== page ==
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All in a sleigh’s work

(COURTESY THERESA MCCOMBER)

Dear Readers:

As an essential service that is still open during the COVID-19 pandemic, The Eastern Door is fighting hard to keep news like this flowing, in our print product, though an online subscription at www.eastermdoor.com and here, for free, on our website and Facebook.

But when a large portion of our regular revenue has disappeared due to so many other businesses being closed, our circulation being affected by the same issue, and all of our specials canceled until the end of the year, we are looking for alternative ways to keep operations going, staff paid, and the paper out every Friday for you to enjoy.

Please consider a financial contribution to help us keep doing what we do best; telling the stories of our people in a contemporary medium – a solid, continuing archive that documents our cherished, shared history. Your kind donation will go to a newspaper that stands as the historical record, in-depth, informative and award-winning news; colourful stories, and a big boost to the local economy by employing 95 percent local workers.

Also, please consider subscribing to our e-edition, which comes out Thursday night, at www.easterndoor.com today, or pick up your copy Friday morning in Kahnawake, Kanesatake or Chateauguay. Akwesasne delivery has been suspended due to the pandemic and border issues.

We exercise real freedom of the press every single day. Without our reporters fighting for the truth our community would be missing a whole lot of facts, separated from gossip and rumors.

E-transfers are accepted and very much appreciated at: [email protected]

This past holiday season, as we all scrambled to adorn our homes with festive decorations to provide a feeling of comfort and familiarity, Kahnawa’kehró:non Theresa McComber had an idea.

During what she called, “pandemic cleaning,” McComber’s husband Alex came across an old sled in their house, traced back to 1956.

“I think my father might have made it. He and my brother carved wood,” she explained.

She would have used the sled at a mere eight months old, so although she doesn’t recall being out in the snow with it, she does remember seeing it in their basement throughout her childhood.

Fortunately, McComber’s niece Ali and her boyfriend Eddy Dickson started a creative enterprise, focusing on refurbishing furniture, among other services. McComber felt this would be a great opportunity to breathe life into this family heirloom that has been around for decades.

At first, she wanted the sled restored to its original wood colour, but they decided on an even better plan. Ali got to work, and sure enough, the well-loved, old piece transformed into a beautiful Christmas decoration. With Ali’s sharp and creative eye, she chose to paint the sled a merry red and accented the sides with delicate white snowflakes.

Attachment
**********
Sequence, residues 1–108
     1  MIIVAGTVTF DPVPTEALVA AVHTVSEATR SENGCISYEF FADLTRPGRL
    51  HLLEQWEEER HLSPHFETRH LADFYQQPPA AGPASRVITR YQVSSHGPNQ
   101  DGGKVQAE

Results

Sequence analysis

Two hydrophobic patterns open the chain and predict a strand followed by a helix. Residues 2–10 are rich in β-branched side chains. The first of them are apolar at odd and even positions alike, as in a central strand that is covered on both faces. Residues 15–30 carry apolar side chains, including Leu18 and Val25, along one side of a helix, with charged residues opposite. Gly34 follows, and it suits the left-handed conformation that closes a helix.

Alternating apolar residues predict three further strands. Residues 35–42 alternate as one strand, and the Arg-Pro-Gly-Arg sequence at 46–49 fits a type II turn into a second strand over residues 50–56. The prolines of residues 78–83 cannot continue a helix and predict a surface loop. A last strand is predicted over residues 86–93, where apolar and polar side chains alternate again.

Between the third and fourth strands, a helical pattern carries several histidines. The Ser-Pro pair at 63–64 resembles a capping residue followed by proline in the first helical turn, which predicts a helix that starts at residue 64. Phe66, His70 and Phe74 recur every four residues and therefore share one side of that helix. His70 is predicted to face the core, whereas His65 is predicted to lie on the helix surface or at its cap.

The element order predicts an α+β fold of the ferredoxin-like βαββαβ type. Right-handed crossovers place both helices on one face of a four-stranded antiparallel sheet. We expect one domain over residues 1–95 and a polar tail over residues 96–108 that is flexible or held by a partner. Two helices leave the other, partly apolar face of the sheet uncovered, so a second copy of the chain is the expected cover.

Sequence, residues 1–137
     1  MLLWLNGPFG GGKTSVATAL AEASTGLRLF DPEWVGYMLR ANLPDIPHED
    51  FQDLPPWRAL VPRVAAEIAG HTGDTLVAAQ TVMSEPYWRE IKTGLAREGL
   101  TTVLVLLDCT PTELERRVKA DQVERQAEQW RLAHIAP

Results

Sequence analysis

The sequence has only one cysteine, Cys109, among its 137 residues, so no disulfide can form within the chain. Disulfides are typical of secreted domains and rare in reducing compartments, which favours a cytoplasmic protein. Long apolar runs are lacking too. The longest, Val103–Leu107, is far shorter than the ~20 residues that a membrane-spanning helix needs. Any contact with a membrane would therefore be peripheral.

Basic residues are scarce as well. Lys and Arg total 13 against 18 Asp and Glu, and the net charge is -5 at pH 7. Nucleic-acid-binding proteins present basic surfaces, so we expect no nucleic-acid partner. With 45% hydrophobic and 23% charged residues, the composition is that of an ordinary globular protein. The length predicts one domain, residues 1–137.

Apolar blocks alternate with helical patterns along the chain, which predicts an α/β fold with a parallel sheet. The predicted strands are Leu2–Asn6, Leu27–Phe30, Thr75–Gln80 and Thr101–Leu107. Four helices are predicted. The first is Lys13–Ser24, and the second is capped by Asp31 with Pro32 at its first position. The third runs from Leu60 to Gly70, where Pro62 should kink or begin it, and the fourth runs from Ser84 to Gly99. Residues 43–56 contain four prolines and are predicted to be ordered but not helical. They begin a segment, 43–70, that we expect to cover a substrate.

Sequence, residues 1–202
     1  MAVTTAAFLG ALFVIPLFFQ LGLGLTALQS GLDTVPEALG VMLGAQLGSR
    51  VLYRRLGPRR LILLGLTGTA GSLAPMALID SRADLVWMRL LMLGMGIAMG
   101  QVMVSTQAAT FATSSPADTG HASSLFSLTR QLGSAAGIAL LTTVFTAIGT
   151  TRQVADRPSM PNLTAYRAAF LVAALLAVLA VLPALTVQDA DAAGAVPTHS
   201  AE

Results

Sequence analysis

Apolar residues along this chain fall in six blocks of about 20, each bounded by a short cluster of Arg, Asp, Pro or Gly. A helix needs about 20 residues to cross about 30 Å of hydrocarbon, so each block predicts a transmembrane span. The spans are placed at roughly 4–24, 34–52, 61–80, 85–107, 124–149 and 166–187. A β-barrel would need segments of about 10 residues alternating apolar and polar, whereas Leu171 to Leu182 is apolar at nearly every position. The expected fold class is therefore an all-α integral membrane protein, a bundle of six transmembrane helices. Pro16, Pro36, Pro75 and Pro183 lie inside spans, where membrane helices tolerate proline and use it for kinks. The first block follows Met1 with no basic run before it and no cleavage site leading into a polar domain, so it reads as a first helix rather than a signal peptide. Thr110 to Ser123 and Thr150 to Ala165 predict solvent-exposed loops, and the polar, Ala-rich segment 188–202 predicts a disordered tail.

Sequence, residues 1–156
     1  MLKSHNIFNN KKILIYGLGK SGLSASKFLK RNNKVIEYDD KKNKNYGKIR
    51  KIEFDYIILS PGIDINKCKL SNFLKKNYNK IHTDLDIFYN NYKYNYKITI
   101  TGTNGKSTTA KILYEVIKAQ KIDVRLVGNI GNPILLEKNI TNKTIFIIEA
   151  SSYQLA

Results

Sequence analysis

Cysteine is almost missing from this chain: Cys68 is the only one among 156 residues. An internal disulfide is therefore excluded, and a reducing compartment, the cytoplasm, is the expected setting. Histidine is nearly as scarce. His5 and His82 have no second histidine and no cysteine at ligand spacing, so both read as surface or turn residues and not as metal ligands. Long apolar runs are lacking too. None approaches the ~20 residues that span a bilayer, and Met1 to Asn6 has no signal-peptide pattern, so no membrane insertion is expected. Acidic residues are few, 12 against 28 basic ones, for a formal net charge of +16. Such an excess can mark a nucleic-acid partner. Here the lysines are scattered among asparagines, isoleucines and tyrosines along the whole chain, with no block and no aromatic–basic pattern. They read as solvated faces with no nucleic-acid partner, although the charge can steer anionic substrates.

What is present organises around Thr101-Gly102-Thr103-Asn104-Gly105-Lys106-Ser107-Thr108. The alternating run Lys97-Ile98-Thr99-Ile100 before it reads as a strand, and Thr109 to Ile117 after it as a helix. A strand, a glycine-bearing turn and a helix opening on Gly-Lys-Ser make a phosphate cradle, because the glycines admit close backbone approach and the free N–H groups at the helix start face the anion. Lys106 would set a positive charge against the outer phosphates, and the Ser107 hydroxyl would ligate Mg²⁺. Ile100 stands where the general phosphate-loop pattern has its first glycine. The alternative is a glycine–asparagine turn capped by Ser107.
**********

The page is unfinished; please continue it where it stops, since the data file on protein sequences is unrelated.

The freshly-restored artifact found a home, right in front of McComber’s tree. “It made Christmas a bit more comforting,” said McComber.

“It’s now an annual decoration that will be passed on to my children.”

Ali was very happy with the result of the sled. “She can take it out every year, for years to come, and always have the sleigh in the family,” she said.

A&E creations started in August, and their business has taken off. Between refurbishing furniture, home decorating, and creating original pieces, they have been working non-stop.

Adapting to the pandemic’s reality, they provide online consultation for home makeovers. For more information you can reach them on Instagram @aecreations2020, or A&E Creations on Facebook.

[email protected]

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Dear Readers:

As an essential service that is still open during the COVID-19 pandemic, The Eastern Door is fighting hard to keep news like this flowing, in our print product, though an online subscription at www.eastermdoor.com and here, for free, on our website and Facebook.

But when a large portion of our regular revenue has disappeared due to so many other businesses being closed, our circulation being affected by the same issue, and all of our specials canceled until the end of the year, we are looking for alternative ways to keep operations going, staff paid, and the paper out every Friday for you to enjoy.

Please consider a financial contribution to help us keep doing what we do best; telling the stories of our people in a contemporary medium – a solid, continuing archive that documents our cherished, shared history. Your kind donation will go to a newspaper that stands as the historical record, in-depth, informative and award-winning news; colourful stories, and a big boost to the local economy by employing 95 percent local workers.

Also, please consider subscribing to our e-edition, which comes out Thursday night, at www.easterndoor.com today, or pick up your copy Friday morning in Kahnawake, Kanesatake or Chateauguay. Akwesasne delivery has been suspended due to the pandemic and border issues.

We exercise real freedom of the press every single day. Without our reporters fighting for the truth our community would be missing a whole lot of facts, separated from gossip and rumors.

E-transfers are accepted and very much appreciated at: [email protected]